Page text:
At the end of the trail that loops back to the river, I crossed the bridge and walked over to the Zion Lodge for lunch on the patio, enjoying the view.  The lodge was built in 1924, which made me smile, as that is the same year my former house was built.  It was lost to a fire and had to be rebuilt quickly, losing some of its original charm, but then was redone later to restore it back to a closer version of the original lodge.  After lunch, my last stop in the canyon was the super short trail up to a view that looks across to the Court of the Patriarchs, a set of peaks named after biblical figures, Abraham, Isaac, and Jacob, the latter of which is mostly obscured by Mount Moroni in front of it.  Not being a religious person, I simply enjoyed the natural wonder all around me, which is my version of a spiritual experience.

Before returning to the Visitor Center, I stopped by the Zion Human History Museum to see the displays, watch the film about the park, and take a few photos of the views, which included the West Temple and the Altar of Sacrifice, more natural structures with biblical names.  I am in Utah, after all.  And have yet to burst into flames for being an agnostic.  So that’s a bonus.  I found the history of the area to be very interesting, particularly any highlights of the Native Americans of the area, as the first true inhabitants of the land, and their relationship with nature, wildlife, and natural resources as part of their culture, art, food, and way of life.  Much of the southwest is a climate of extremes — cold winters and hot summers — with rugged landscape all around.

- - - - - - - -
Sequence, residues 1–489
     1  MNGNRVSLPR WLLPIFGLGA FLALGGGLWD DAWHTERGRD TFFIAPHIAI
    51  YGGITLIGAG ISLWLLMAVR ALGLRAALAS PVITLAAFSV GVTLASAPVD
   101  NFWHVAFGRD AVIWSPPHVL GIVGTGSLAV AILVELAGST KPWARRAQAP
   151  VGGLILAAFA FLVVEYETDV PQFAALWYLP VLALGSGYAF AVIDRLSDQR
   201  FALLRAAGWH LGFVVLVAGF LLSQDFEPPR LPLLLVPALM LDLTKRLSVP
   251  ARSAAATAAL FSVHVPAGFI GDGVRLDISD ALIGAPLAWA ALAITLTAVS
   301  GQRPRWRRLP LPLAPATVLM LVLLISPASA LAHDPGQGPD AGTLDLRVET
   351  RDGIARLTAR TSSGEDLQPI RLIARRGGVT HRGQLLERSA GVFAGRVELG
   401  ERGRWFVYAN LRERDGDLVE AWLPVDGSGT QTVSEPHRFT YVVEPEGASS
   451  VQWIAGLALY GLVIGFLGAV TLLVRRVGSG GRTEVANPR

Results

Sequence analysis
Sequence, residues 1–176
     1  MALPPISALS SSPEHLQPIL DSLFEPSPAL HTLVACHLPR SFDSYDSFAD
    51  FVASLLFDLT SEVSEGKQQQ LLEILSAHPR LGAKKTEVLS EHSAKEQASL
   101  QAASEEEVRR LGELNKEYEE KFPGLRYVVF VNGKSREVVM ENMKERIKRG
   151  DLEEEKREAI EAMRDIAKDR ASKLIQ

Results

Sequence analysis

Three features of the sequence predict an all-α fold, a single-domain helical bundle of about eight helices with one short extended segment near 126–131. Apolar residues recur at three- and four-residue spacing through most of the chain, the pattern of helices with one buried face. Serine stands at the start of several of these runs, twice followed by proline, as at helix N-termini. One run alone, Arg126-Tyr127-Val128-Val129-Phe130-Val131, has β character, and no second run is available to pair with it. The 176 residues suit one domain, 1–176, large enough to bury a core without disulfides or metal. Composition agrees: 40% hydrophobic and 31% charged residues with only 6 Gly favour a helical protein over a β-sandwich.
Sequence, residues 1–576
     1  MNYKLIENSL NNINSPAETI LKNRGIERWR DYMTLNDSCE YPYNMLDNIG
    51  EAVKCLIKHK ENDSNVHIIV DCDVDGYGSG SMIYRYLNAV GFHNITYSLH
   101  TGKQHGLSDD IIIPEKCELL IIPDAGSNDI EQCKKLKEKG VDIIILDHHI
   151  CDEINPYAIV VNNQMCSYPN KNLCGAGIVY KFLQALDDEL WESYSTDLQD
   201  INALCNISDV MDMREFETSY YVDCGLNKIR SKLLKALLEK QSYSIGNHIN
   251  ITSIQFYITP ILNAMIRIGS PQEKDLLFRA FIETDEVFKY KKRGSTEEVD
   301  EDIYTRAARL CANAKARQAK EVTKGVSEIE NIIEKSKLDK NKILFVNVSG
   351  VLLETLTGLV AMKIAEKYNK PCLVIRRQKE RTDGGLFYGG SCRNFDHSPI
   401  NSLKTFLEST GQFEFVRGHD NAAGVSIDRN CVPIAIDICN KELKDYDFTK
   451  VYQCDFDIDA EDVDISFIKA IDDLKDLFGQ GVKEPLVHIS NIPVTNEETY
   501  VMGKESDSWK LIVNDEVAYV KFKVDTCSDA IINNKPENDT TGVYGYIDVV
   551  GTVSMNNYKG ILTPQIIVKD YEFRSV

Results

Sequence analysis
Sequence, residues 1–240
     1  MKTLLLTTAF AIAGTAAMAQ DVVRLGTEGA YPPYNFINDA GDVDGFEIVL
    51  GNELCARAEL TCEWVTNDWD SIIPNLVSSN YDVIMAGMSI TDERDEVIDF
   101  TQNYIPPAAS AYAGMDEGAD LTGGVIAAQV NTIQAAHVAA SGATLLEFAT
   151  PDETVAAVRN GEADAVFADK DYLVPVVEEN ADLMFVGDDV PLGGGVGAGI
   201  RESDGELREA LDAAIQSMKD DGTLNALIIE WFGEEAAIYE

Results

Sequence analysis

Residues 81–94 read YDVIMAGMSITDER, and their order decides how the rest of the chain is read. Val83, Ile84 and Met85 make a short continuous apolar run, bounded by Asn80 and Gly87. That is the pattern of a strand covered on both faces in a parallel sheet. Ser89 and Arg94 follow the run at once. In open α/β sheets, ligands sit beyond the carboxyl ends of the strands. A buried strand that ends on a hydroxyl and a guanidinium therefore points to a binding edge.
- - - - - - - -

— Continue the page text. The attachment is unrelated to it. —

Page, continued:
It was now mid-afternoon and I was able to return to my hotel to recharge both my camera battery and myself for a bit, and then set out on my last hike of the day, this time with a functioning camera.  I parked again at the Visitor Center, as this is the starting point to reach the beginning of The Watchman trail, and made my way along the river, across a field and then across the park road to the trailhead.  I started out around 5:00 p.m. (17:00), which I later realized was probably about an hour and a half too early, given the heat of the day and the moderate difficulty of the hike, as well as the timing in order to have the optimal light for photos once I reached the lookout area at the top.  It’s not that this trail is super long or a huge elevation gain, it’s that you’re starting from about 4000′ ASL.  So for a person that is used to sea level like me, it’s was the most challenging of the five trails that I did that day.  The hillsides and valleys on both sides of the trail were painted with wildflowers and cactus in bloom, and so I kept switching from taking photos of landscape views to macro photos of the flowers and interesting details of the landscape features.  At one point along the trail, I came across a rock to the side of the trail, a bit under a large overhang, that was in the shape of a small chair, which I had to sit on for a few minutes, of course.  The views of from the top were lovely, both of the very popular Watchman, as well as all the surrounding peaks, and the valleys below, with a view of the Visitor Center, the river valley, and the town of Springdale below.